The Temple University Libraries Book Club discusses Passing
Meet up on Zoom for a book discussion of Passing by Nella Larsen.
Feb. 10, noon

Graduate Speaker Series: Dialogues in Diversity, Equity and Inclusion
Listen to Klein College of Media and Communication faculty members Karen Turner, David Mindich, Nancy Morris and Meghnaa Tallapragada discuss teaching and classroom culture.
Feb. 11, 10 a.m.

“‘The Way I See It’: Reframing Black Youth and the Criminal Legal System”
Join Carl Suddler, a faculty member at Emory University, for a talk about the criminal justice system. 
Feb. 11, 2 p.m.

ILLUMINATIONS: Tony Cokes in conversation with Prof. Nora Alter
Don’t miss this free presentation at Moore College of Art and Design’s Graham Auditorium by artist and media scholar Tony Cokes, with film scholar and Temple faculty member Nora Alter. It’s part of Temple’s School of Theater, Film and Media Arts’ ILLUMINATIONS Black Cinematic Artists and Scholars Speaker Series.
Feb. 11, 6 p.m.

Kariamu Welsh memorial celebration
Join Temple University’s Dance Department at the Conwell Dance Theater for a celebration of the late Kariamu Welsh, a choreographer and former faculty member. Current and former Temple students join members of the umfundalai community for an evening of tributes and performances. Due to limited seating, registration will be required. This event will also be livestreamed on YouTube.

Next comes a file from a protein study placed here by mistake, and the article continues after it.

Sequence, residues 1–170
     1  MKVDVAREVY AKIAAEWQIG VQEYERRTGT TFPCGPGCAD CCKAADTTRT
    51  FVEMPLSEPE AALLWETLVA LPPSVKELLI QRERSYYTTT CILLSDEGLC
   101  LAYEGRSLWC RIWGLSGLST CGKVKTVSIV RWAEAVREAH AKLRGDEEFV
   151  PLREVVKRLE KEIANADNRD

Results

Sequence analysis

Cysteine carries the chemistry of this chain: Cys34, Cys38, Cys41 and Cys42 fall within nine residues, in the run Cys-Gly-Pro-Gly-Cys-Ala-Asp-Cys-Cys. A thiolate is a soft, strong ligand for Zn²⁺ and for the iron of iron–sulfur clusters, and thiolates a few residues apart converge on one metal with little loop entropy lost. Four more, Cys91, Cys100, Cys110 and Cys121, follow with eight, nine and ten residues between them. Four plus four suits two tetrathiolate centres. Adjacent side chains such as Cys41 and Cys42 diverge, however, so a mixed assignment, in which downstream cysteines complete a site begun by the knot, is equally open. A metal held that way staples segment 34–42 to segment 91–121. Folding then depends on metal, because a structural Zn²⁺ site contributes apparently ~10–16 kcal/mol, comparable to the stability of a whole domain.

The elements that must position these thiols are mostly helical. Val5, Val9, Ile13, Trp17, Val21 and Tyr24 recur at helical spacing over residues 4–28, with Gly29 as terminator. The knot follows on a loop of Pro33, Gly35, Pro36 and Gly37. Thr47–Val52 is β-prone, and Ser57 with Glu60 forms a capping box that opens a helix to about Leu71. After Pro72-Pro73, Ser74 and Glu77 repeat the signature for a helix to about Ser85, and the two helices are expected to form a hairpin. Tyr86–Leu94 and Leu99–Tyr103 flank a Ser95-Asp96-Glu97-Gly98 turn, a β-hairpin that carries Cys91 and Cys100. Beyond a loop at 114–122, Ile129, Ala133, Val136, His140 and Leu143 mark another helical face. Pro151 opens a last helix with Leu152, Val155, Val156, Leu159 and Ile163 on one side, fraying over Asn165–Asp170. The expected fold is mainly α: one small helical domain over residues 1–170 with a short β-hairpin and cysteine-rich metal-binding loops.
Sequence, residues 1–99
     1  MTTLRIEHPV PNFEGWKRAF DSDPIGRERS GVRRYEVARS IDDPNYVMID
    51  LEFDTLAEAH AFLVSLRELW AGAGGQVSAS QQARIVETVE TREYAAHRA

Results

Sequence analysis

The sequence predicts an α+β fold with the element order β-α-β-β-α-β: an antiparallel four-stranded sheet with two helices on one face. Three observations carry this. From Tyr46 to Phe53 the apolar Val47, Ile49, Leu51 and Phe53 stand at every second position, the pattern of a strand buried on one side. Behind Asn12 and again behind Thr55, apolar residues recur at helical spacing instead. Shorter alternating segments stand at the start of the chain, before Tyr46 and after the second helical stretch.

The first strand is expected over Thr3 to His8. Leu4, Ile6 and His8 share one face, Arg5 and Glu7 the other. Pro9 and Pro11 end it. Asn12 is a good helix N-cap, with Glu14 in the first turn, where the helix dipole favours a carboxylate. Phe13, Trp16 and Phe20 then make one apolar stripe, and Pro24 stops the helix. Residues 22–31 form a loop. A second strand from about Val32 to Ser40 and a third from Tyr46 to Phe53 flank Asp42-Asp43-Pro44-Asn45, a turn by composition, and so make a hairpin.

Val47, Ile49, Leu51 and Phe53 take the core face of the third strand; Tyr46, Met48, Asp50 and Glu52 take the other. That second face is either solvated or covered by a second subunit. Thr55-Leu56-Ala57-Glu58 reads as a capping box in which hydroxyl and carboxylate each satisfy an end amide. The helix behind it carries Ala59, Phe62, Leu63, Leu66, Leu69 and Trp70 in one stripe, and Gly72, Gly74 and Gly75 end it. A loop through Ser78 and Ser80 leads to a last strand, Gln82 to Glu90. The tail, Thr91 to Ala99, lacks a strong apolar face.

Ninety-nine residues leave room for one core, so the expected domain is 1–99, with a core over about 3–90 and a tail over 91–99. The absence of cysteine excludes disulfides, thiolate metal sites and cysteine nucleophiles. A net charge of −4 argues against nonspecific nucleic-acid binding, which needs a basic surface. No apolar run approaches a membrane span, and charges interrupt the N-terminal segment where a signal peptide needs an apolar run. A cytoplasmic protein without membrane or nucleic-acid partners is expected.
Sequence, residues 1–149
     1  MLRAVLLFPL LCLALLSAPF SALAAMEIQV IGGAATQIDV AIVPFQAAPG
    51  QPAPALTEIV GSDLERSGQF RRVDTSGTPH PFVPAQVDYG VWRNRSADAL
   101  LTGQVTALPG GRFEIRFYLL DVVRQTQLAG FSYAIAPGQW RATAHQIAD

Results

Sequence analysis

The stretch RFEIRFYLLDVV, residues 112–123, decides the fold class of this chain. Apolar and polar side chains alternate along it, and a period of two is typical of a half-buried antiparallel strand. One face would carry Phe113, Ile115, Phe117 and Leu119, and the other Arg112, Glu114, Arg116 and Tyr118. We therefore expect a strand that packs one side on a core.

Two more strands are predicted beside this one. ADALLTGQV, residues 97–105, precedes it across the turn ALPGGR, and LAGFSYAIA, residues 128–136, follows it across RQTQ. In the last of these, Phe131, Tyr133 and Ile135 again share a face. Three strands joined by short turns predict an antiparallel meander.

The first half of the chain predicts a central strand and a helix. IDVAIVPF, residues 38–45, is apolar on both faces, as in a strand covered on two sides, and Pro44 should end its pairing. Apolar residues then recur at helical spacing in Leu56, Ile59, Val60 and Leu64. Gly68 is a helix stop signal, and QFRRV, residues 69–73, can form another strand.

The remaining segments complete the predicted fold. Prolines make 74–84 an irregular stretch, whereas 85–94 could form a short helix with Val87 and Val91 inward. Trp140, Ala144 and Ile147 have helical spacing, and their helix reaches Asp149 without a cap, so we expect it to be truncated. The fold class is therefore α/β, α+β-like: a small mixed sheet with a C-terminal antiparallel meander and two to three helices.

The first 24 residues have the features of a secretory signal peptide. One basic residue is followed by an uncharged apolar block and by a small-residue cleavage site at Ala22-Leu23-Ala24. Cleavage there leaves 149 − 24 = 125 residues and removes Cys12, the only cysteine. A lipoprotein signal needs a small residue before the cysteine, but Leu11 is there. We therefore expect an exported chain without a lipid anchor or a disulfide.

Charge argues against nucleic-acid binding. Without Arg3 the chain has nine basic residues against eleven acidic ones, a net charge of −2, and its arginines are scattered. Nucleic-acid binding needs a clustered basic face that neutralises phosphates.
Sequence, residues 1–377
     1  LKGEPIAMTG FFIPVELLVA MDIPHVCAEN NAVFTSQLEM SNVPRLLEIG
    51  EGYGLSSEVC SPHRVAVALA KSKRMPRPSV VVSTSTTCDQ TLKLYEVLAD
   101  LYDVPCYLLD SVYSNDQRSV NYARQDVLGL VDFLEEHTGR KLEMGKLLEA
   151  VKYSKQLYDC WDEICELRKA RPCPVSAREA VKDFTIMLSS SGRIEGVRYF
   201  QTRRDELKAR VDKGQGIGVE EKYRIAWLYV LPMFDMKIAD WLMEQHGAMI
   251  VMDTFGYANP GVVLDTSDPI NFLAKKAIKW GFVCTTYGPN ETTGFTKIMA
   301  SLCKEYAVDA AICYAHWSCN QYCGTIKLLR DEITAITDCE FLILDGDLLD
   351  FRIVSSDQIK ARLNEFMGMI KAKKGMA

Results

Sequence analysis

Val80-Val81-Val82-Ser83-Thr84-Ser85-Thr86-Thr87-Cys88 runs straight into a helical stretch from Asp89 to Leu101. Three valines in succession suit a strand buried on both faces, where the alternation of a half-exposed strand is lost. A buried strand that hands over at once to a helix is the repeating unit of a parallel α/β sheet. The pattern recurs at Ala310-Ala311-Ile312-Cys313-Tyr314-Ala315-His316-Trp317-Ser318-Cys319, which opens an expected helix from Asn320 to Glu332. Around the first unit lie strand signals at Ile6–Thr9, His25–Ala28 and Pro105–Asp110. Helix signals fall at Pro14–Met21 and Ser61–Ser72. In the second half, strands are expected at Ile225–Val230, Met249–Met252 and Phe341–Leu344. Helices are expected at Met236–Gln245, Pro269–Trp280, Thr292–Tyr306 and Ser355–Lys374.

Feb. 11, 7 p.m.

A concert with Kenny Garrett
Listen to an array of velvety jazz tunes at the Temple Performing Arts Center, performed by Grammy award-winning saxophonist Kenny Garrett, alongside the Temple Faculty Jazz Sextet: Terell Stafford, Bruce Barth, Mike Boone, Justin Faulkner, Dick Oatts and Tim Warfield Jr. from the Boyer College of Music and Dance.
Feb. 12, 7 p.m.   

Graduate Speaker Series: Black Feminist Technoculture and the Virtual Beauty Shop
Join a discussion in Gladfelter Hall on Black women’s relationship with technology and culture, part of the Klein College of Media and Communication’s Graduate Speaker Series. 
Feb. 17, 3:30 p.m. 

Graduate Speaker Series: What Are We Going To Eat?: Building and Sustaining Community through Radical Intentionality
Join a discussion in Annenberg Hall on caretaking and creating a community, part of the Klein College of Media and Communication’s Graduate Speaker Series. Speaker Catherine Knight Steele will discuss examples including the Black Panther Party’s Free Breakfast Program.
Feb. 18, 10 a.m.

A conversation with Stephany Coakley about her book, Tye the Dreamer
Attend a virtual talk with Stephany Coakley, senior associate athletic director for mental health, wellness and performance at Temple University Athletics, about her book, Tye the Dreamer, a celebration of African American family life.
Feb. 23, 2 p.m.

Chat in the Stacks 
Join a conversation between Philadelphia District Attorney Larry Krasner and Tara Tripp, assistant professor in the Department of Criminal Justice. For 14 years, Temple Libraries and the Faculty Senate Committee on the Status of Faculty of Color have co-hosted this engaging Chat in the Stacks series of panels on timely topics, featuring faculty from across the university.
Feb. 24, 2:30 p.m.